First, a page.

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speaking too loud, or tainting his discipline, or from what other course you please, which the time shall more favourable minister,
lago. Sir, he's rash, and very fudden in choler ; and, happily, may strike at you, Provoke him, that he may; for even out of that will I cause those of Cyprus to mutiny: whose qualification shall come into no true taste again, but by transplanting of Casio. So shall you have a shorter journey to your desires, by the means I shall then have to prefer them : And the impediments most profitably removed, without which there was no expe&ation of our prosperity
Röd. I will do this, if you can bring it to any opportunity
lago. I warrant thee. Meet me by and by at the citadel. I'must fetch his necessaries ashore. Farewel. Rod. Adieu.
[Exit. SC EN E VIII.
Manet Iago. lago. HAT Casio loves her, I do well believe :
That she loves him, 'tis apt, and of great creThe Moor, howbeit that I endure him not, [dit. Is of a constant, loving, noble nature; And, I dare think, he'll prove to Desdemona A most dear husband. Now I love her too, Not out of absolute luft, though, peradventure, I stand accountant for as great a fin;) But partly led to diet my revenge, For that I do suspect, the lufty Moor Hath leapt into my seat. The thought whereof Doth, like a poisonous mineral, gnaw my inwards, And nothing can, or shall, content my soul, 'Till I am even'd with him, wife for wife : Or failing so, yet that I put the Moor
Her General, that upon certain tidings now ar
At last into a jealousy so strong,
Which thing to do
S CE N E IX.
riv'd, importing the mere perdition of the Turkish il_et, every man put himself into triumph: fome to dance, fome to inake bonfires, each man to what fport and revels his mind leads him. For, besides this beneficial news, it is the celebration of his nuptials. So much was his pleasure, should be proclaimed. All offices are open, and there is full liberty of feasting, from this present hour of five, 'till the bell have told eleven. Bless the isle of Cyprus, and our noble General Othello! Enter Othello, Desdemona, Callio, and Attendants.
Oth. Good Michael, look you to the guard to-night,
Caf. Iago hath direction what to do:
Oth. Iago is most honeft :
That profit's yet to come 'tween me and you.
lago. Not this hour, lieutenant; 'tis not yet ten o'th' clock. Our General caft us thus early for the love of his Desdemona :. whom let us not therefore blaine; he hath not yet made wanion the night with her: and she is sport for Jove.
Caf. She's a 'most exquisite lady:
lago. What an eye fhe has ? methinks, it sounds a parley to provocation.
Cal. An inviting eye; and yet, methinks, right modeft.
Iago. And when she speaks, is it not an alarm to love?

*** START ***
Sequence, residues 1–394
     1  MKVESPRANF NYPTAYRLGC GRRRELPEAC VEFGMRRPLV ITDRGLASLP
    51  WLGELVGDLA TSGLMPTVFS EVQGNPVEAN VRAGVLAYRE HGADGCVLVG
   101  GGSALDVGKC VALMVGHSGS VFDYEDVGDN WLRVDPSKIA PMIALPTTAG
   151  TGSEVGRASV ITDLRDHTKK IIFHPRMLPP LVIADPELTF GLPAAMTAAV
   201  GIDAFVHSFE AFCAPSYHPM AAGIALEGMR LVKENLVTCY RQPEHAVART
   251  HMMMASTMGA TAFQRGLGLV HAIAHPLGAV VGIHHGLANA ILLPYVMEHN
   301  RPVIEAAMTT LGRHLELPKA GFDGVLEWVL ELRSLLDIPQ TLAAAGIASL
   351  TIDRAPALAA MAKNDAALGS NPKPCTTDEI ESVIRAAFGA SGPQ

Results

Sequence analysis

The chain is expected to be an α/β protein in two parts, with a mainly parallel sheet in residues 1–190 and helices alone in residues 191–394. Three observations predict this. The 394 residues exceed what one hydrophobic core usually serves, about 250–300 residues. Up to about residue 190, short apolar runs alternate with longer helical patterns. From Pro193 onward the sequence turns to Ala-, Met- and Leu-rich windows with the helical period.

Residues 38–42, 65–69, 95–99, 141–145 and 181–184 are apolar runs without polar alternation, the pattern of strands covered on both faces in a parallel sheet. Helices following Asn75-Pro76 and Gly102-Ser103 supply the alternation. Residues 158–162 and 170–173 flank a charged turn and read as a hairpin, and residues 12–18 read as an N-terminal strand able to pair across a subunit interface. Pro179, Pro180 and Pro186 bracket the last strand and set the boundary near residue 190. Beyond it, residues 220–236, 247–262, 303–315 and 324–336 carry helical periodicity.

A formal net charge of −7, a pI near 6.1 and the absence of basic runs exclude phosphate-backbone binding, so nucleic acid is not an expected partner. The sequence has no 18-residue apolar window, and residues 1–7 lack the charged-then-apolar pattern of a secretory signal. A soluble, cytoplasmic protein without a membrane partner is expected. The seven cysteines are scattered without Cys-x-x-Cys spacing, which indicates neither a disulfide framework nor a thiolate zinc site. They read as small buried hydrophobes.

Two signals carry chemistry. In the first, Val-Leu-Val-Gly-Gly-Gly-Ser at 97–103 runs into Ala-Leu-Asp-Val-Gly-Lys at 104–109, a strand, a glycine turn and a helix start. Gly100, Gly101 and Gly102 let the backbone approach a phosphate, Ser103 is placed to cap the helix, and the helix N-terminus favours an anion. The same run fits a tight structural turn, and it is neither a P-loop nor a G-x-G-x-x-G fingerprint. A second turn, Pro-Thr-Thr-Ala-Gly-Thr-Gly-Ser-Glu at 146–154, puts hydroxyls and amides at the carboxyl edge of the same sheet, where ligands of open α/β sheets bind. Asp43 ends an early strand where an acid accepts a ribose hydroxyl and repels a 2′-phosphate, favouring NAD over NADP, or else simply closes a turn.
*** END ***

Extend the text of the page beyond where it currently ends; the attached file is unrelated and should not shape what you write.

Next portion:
Cas; She is, indeed, perfe&ion..
laga. Well, happiness to their sheets: come lieutenant, I have a stoop of wine, and here without are a brace. of Cyprus gallants, that would fain have a measure to the health of the black Othello.
Caf. Not to-night, good lago;. I have very poor and unhappy brains for drinking. Icould well wish, couriesy would invent some other custom of entertainment.
lago. Oh, they are our friends; but one cup: I'll
drink for you.
Caf. I have drunk but one cup to-night, and that was craftily qualified too: and, behold, what innovation it makes here. I am unfortunate in the infirmity, and dare not talk
Iago. What, man? 'tis a night of revels, the gallånts desire it.
Caf. Where are they ? lago. Here at the door; I pray you, call them in. Caf. I'll do't, but it dislikes me. [Exit Caffio.
lago. If I can fasten but one cup upon him,
S. CE N E X.
already. Mont. Good faith, a little one; not past a pint, as I am soldier. lago. Some wine, ho!
Why, then let a soldier drink.
Caf. 'Fore heav'n, an excellent song.
Iago. I learn'd it in England: where, indeed, they are most potent in potting. Your Dane, your German, and your swag-belly'd Hollander -Drink, ho! -are nothing to your English.
Caf. Is your Englishman so exquisite in his drinking?
lago. Why, he drinks you with facility your Dane dead drunk. He sweats not to overthrow your Almain. He gives your Hallander a vomit, ere the next pottle can be fill'd.
Caf. To the health of our General.
His breeches cost him but a crown;
With that he call'd the tailor lown.
And thou art but of low degree :
Then take thine auld cloak about thee,
Caf. Why, this is a more exquisite song than the other.
Iago. Will you hear't again ?
Caf. No, for I hold him to be unworthy of his place that does those things. Well - Heaven's above all, and there be fouls that must be saved, and there be fouls must not be saved.
Iago. It's true, good lieutenant.
Caf. For mine own part, (no offence to the General, nor any man of quality ;) I hope to be saved.
Iago. And so do I too, lieutenant.
Caf. Ay, but, by your leave, not before me. The Lieutenant is to be saved before the Ancient. Let's have no more of this; let's to our affairs.